Jeanette Cindi-Mabitsela, 34, was killed on April 1, when she was with a group of friends walking home at about 4am in Tshepisong near Kagiso on the West Rand, when one of her friends was hit by a taxi.
An altercation between Cindi-Mabitsela’s friends and occupants of the taxi ensued. Some of her friends, who also live in Tshepisong near Leratong Hospital, fled, leaving her with her injured friend Lungelo Buthelezi.
During the altercation, the taxi men allegedly bundled them into their vehicle and drove off to a piece of veld, where they allegedly took turns to rape her.
Cindi-Mabitsela and Buthelezi were later pelted with stones and then set alight.
They were still alive when they were found by a passerby.
Cindi-Mabitsela succumbed to her injuries on Sunday while Buthelezi died on Monday from his injuries.
Seven suspects were traced through the registration plate of the taxi which was taken down by one of the victims’ friends.They are due to appear in the Kagiso Magistrate’s Court on Wednesday.
On Sunday, hundreds of mourners paid their last respects to the two friends at the Abundant Faith Christian Church in Tshepisong. Emotions were high, especially since Gauteng has been hit by a series of rapes allegedly by drivers using Quantum taxis. During one attack a woman was raped in front of her 10-year-old son.
Speakers took turns describing Cindi-Mabitsela as a humble and caring person.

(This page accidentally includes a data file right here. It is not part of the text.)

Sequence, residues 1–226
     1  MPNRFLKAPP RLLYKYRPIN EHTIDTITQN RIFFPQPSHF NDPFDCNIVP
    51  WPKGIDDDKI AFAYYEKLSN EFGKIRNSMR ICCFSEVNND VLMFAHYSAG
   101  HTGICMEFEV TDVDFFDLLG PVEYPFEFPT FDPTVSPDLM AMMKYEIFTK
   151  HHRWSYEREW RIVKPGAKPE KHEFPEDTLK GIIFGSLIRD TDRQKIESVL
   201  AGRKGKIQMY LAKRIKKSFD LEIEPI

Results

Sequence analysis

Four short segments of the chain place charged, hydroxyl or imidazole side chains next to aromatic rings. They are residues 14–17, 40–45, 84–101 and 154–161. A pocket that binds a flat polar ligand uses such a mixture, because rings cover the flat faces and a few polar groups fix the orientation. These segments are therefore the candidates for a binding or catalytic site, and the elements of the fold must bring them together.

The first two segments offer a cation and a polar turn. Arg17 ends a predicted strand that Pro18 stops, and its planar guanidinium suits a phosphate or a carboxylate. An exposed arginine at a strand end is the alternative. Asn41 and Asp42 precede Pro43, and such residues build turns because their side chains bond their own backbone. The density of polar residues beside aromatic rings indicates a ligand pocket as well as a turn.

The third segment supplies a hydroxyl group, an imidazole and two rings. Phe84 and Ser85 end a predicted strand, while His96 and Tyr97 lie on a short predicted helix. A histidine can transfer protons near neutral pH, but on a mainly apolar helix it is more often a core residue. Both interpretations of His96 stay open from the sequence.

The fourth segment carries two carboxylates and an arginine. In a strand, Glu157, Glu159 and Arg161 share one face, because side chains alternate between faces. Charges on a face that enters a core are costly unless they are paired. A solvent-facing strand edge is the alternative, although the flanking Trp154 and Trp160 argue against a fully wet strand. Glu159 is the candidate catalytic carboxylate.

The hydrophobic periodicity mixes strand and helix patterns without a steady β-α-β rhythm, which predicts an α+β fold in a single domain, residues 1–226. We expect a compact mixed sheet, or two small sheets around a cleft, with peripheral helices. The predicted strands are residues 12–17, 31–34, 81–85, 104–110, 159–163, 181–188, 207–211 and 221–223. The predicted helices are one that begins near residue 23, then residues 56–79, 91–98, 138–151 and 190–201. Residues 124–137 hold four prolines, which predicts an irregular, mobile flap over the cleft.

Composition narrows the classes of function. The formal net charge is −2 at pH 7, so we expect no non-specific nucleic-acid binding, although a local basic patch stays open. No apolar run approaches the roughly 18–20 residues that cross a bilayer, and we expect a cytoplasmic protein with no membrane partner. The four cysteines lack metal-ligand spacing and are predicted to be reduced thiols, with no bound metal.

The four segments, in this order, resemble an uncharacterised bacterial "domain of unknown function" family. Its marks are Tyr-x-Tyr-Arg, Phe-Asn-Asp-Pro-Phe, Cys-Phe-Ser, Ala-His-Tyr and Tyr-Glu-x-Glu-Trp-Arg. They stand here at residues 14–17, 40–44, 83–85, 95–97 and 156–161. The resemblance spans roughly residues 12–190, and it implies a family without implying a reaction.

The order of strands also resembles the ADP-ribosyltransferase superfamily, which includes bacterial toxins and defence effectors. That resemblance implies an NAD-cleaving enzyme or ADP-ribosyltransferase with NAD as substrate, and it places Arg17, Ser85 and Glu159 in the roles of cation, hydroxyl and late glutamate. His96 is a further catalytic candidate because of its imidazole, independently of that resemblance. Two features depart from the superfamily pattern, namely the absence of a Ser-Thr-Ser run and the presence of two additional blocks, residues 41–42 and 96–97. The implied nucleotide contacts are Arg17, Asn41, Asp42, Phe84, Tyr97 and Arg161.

A neighbour of Cindi-Mabitsela, Louisa Ngidi, said: “She never bothered anyone in Tshepisong. She was a very respectful person. Jeanette was a loving mother to her 16-year-old son, Thabo.”
Another friend Mpho Sapele said: “What these people did to my friend Jeanette has broken my spirit.”
Mourners said Buthelezi, a father of a five-year-old daughter, was a great man who would be missed by his family and friends. The bosses of the alleged murderers, who came from different taxi associations such as the Dobsonville, Roodepoort, Leratong, Johannesburg Taxi Association (Dorljota), Gauteng National Taxi Alliance, also attended the funeral.
Peter Mabe, chairman of Dorljota, apologised to the families of Cindi-Mabitsela and Buthelezi, and condemned the actions of their attackers.
Mabe emphasised his sadness and disappointment at how the murders had put the association in bad light. “Right now as an association we are under attack and our duty right now is give support to the Buthelezis and Cindis. We pledge by all means that in the next five years, we will look after the welfare of their children.”
Theo Malele of the National Taxi Association said they were also disturbed by the brutal attack, saying, “real men do not do such horrible things like this. Real men don’t do this to women, rather they protect mothers, sisters and children and their communities.
“We shall no longer hire a driver without vetting them properly.”
Later the coffins of the two victims were paraded through David Webster and Godfrey Pitje streets before they were later laid to rest side by side in Slovoville Cemetery in Soweto.
The burial service was a heartbreaking moment for Cindi-Mabitsela’s family and relatives.